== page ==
As mentioned above and as best seen in FIGS. 1, 4, 6, 7A, 8 and 10, a motor rotates spit 30 during rotisserie-style cooking, however, in some cases it may be preferable to rotate the handle manually depending upon a particular purpose. Preferably, motor 32 includes a control knob 57 for governing the rotational speed of the spit 30 during cooking. Housing 12 also includes a motor support 46 which is affixed to at least one side 19 and/or 21 of the housing 12 which has a step portion 58 for securing motor 32 thereon.
A multi-positionable cover 14 attaches to housing 12 and is movable from a first position wherein the cover 14 is open for grill-style cooking to a second closed position for rotisserie roasting. Preferably, the cover 14 can also be positioned in multiple other positions between the first and second cooking positions depending upon a particular purpose, e.g., open rotisserie-style cooking. In the particular embodiment shown in the drawings, the back plate 15 and the two opposing side plates 19 and 21 of the housing 12 extend vertically such that about 60% of the rotisserie grill 10 is enclosed to form a semi-tubular cooking pit within the housing 12 (see FIG. 5). As a result, cover 14 is designed to close about 40% of the cooking pit for roasting and/or steaming purposes.
As best seen in FIGS. 7A and 7C, cover 14 includes a generally triangular inner cover member 17 and a generally triangular outer cover member 16 which are each hingedly attached to ends 19 and 21 of housing 12 between post 80 and screw cap 81. More particularly, the vertex ends of each member 16 and 17 includes a key-like cut-out 70, 60 which semi-encircles post 80 to permit free rotational movement of each cover member 16 and 17 about post 80. Preferably, each key-like cut-out 70, 60 includes a pair of opposing edges 72, 62, respectively, which are generally chamfered or beveled to facilitate insertion of each post within the key-like cut-out 60 to simplify assembly of the rotisserie grill 10.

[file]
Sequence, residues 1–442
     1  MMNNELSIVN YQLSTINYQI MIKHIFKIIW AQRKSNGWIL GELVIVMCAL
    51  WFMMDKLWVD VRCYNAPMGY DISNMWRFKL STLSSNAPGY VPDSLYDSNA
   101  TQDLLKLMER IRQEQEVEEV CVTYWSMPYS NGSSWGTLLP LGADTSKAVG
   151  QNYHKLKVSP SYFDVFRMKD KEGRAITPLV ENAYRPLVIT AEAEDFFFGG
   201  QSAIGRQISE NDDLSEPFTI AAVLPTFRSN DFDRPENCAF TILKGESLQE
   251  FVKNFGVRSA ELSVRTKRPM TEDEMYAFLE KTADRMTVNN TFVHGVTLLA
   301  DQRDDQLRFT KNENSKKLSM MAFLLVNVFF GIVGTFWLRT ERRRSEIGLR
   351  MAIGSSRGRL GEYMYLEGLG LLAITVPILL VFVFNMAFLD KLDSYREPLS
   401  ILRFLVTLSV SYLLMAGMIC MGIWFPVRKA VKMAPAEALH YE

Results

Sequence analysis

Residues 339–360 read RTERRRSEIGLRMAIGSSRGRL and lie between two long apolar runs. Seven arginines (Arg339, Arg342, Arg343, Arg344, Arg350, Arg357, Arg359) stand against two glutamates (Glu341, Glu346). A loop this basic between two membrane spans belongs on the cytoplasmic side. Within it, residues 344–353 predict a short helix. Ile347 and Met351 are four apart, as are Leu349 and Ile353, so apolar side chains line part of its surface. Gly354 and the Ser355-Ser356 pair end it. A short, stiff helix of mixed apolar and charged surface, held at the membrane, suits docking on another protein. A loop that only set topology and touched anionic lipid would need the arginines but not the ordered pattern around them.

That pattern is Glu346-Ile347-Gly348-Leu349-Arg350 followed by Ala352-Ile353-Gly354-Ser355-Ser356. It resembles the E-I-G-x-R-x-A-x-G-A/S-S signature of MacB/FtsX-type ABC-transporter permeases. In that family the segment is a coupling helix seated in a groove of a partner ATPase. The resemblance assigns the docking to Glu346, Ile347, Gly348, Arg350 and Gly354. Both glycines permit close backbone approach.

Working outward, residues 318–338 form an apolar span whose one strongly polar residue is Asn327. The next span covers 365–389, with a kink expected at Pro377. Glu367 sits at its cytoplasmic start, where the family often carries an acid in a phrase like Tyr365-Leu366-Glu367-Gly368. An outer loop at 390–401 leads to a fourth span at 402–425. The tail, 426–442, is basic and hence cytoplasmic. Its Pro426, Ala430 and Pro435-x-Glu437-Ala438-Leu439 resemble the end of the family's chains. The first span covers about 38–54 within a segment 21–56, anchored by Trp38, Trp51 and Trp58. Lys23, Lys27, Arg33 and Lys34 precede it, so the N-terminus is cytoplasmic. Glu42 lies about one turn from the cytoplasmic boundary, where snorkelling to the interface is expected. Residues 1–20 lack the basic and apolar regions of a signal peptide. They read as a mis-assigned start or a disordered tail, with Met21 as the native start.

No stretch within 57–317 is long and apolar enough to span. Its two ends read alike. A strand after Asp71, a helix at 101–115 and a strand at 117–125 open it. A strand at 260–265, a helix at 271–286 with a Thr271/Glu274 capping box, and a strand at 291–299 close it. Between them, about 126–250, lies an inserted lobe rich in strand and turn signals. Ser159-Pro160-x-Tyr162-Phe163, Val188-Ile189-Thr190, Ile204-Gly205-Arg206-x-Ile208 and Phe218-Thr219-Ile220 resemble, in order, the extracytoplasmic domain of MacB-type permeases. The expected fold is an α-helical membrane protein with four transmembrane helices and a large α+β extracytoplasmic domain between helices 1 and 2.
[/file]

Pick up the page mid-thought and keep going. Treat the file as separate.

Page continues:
It is envisioned that the outer cover member 16 is dimensioned to be slightly larger than the inner cover member 17 such that outer member 16 is interleaved with inner member 17 and can freely slide atop inner member 17 during opening and closing of the cover 14 (see FIGS. 5 and 7A). Moreover, inner member 17 preferably includes a lip 69 to which engages the rear inner edge (not shown) of outer member 16 to initiate forward movement of the inner member 17 to facilitate closing of the cover 14. In addition, outer cover member 16 preferably includes a handle 18 to facilitate opening and closing of the entire cover 14. The back plate 15 of housing 12 preferably includes a flange 56 for supporting cover 14 when disposed in the open configuration. The cover 14 can also be equipped with a cooking window 54 for viewing the food during rotisserie or grill-style cooking,
As best seen in FIGS. 1 and 8, one of the side plates, e.g., 21, preferably includes a rotisserie control jack 95 which mechanically and electrically couples to the temperature control probe 100 for activating and controlling the temperature of a pair of rotisserie heating rods 90 laterally disposed within the cooking pit proximate the back plate 15 and the spit 30. Jack 95 is generally rectangular and hollow so as to define a socket 97 for snugly receiving probe 100 and includes a pair of prongs 96 which mechanically and electrically reciprocate a complimentary pair of apertures 102 defined within probe 100.
As can be appreciated from the present disclosure, the convertible rotisserie and grill allows a user to readily and safely interchange between grill-style cooking and rotisserie-style cooking.